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The marimba is a musical instrument in the percussion family. Keys or bars (usually made of wood) are struck with mallets to produce musical tones. The keys are arranged as those of a piano, with the accidentals raised vertically and overlapping the natural keys to aid the performer both visually and physically.

The concert marimba is pitched an octave lower than its cousin, the xylophone. Both xylophone and marimba bars are usually made of rosewood, but synthetic substitutions are becoming more and more popular. The bars of the marimba are wider and thinner than those of the xylophone, especially at the center; this change in shape causes the bars to respond a different set of overtones found in the overtone series, giving the instrument a richer tone. In particular the first overtone is two octaves above the fundamental frequency of the key, whereas a xylophone key's first overtone is an octave and a fifth above the fundamental. The result is that a xylophone will have a much brighter and shorter sound and is played with relatively harder mallets than the mellower marimba, which is typically played using comparatively softer mallets. Furthermore, whereas the xylophone's key widths are constant along its entire length, modern marimba keys are usually short (both lengthwise and widthwise) at the higher-pitched end and gradually "graduate" into the bottom octaves. This ensures that larger marimbas, such as 5-octaves, have enough material to generate low notes and overtones.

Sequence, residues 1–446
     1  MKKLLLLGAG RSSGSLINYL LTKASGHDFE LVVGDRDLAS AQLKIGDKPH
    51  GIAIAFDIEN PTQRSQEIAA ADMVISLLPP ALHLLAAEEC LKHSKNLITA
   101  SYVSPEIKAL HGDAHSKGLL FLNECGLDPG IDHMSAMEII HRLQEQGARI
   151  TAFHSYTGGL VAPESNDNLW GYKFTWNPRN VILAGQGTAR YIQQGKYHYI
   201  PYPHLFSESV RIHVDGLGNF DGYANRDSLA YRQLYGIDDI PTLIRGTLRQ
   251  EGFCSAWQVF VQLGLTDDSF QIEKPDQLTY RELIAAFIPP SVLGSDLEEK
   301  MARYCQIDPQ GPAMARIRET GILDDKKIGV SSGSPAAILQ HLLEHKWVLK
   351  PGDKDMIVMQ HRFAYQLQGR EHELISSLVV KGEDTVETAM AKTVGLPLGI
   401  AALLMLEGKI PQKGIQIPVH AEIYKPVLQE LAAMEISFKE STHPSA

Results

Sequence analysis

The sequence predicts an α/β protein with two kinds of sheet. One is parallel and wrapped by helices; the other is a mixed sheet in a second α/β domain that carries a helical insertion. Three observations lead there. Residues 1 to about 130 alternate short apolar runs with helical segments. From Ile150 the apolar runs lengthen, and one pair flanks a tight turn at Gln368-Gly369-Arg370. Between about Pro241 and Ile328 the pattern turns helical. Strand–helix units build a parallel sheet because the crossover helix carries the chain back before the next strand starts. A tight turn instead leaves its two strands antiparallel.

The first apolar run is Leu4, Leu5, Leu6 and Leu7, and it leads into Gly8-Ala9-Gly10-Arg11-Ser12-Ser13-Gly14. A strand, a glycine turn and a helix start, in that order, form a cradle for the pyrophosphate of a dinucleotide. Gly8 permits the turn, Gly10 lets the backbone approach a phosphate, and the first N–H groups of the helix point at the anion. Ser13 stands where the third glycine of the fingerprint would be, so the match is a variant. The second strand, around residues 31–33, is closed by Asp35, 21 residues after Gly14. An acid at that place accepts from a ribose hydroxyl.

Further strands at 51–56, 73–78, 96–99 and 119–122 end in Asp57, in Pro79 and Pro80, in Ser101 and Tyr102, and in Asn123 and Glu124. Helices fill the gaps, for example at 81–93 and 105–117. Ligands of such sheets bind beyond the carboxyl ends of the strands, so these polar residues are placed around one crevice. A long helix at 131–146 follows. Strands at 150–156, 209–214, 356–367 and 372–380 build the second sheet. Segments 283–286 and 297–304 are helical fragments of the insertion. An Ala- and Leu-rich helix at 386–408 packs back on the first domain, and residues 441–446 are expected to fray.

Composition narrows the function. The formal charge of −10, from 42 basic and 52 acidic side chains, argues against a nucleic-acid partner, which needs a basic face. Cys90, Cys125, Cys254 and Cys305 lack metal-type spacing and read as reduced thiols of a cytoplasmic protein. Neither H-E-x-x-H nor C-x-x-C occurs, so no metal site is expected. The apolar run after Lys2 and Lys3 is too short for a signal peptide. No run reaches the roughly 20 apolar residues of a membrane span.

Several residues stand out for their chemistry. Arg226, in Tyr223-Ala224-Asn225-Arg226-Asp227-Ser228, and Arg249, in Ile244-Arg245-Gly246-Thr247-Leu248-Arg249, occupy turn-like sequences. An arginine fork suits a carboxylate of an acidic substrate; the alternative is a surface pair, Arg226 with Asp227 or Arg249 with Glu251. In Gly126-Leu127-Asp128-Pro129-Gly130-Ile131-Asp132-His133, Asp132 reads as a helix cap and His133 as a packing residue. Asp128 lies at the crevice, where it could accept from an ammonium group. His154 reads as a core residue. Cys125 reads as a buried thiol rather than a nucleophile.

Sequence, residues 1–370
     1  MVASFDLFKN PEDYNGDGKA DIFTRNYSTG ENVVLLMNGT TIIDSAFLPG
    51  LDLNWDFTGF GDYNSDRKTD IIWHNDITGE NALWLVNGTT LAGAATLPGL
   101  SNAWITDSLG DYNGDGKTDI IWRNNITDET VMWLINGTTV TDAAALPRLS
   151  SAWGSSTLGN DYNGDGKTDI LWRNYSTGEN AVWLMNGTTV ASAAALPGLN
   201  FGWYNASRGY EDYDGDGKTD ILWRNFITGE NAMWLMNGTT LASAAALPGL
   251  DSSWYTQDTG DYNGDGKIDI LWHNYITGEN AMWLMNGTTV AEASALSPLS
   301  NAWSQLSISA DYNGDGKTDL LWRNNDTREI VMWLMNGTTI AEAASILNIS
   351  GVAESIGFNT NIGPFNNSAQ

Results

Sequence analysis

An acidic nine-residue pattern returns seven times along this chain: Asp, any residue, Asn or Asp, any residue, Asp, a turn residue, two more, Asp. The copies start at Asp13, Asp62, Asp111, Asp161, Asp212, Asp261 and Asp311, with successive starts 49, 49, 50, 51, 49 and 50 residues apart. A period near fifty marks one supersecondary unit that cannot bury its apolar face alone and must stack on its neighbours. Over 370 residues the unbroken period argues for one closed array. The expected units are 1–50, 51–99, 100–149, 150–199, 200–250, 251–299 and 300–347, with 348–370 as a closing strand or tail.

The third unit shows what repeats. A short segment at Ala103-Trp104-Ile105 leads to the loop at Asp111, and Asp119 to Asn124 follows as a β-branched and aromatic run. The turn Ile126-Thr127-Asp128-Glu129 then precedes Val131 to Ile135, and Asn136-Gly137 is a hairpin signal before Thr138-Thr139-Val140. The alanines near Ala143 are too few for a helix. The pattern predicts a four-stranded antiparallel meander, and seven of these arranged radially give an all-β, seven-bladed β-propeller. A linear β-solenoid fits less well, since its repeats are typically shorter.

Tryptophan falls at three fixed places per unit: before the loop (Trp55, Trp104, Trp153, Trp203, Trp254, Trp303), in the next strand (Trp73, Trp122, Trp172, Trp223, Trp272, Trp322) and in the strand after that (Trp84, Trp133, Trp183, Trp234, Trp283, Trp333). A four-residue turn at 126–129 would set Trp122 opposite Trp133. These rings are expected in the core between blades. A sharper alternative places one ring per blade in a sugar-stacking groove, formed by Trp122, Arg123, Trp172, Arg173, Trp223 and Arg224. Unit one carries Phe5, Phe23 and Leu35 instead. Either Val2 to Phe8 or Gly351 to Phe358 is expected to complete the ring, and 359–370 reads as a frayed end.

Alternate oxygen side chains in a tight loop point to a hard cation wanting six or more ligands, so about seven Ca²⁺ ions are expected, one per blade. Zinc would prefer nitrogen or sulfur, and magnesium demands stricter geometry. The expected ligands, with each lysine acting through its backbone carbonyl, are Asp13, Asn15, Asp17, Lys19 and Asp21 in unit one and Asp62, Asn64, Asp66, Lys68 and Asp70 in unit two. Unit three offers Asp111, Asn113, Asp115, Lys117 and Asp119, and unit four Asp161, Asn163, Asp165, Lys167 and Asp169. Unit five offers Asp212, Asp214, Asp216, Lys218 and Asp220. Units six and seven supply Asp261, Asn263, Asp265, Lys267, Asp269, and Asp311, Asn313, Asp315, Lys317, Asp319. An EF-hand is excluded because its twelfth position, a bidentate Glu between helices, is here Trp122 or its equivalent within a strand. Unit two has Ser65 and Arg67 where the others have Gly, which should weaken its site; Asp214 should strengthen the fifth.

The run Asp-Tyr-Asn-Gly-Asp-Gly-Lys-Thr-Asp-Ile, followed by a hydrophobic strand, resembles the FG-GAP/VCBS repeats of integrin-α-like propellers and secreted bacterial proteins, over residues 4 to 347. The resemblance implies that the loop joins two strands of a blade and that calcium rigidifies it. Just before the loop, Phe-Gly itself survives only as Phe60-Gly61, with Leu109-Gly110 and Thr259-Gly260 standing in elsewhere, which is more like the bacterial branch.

[edit] The modern instrument

[edit] Resonators

The key to the marimba's rich sound is its resonators. These are metal tubes (usually aluminum) that hang below each bar, and the length varies according to the frequency that the bar produces. Vibrations from the bars resonate as they pass through the tubes, which amplify the tone in a manner very similar to the way in which the body of a guitar or cello would. In instruments exceeding 4½ octaves, the length of tubing required for the bass notes exceeds the height of the instrument. Some manufacturers, such as Malletech, compensate for this by bending the ends of the tubes. Others, such as Adams and Yamaha, expand the tubes into large box-shaped bottoms, resulting in the necessary amount of resonating space without having to extend the tubes. This is also achieved by custom manufacturer Marimba One by widening the resonators into an oval shape, with the lowest ones reaching nearly a foot in width.